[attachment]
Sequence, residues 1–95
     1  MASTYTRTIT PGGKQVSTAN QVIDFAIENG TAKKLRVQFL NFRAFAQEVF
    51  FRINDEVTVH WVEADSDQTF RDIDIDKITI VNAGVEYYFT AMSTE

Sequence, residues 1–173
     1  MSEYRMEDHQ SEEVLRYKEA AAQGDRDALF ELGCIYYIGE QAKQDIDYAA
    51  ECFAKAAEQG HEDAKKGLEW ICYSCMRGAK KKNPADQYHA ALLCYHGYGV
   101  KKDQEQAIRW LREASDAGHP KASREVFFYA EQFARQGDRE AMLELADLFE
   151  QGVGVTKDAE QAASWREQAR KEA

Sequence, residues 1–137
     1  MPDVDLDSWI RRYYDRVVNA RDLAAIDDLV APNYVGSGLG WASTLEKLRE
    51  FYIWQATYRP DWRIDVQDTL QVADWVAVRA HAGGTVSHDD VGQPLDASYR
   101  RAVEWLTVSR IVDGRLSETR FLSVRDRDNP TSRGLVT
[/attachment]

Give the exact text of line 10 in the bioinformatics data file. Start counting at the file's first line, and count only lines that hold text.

     1  MPDVDLDSWI RRYYDRVVNA RDLAAIDDLV APNYVGSGLG WASTLEKLRE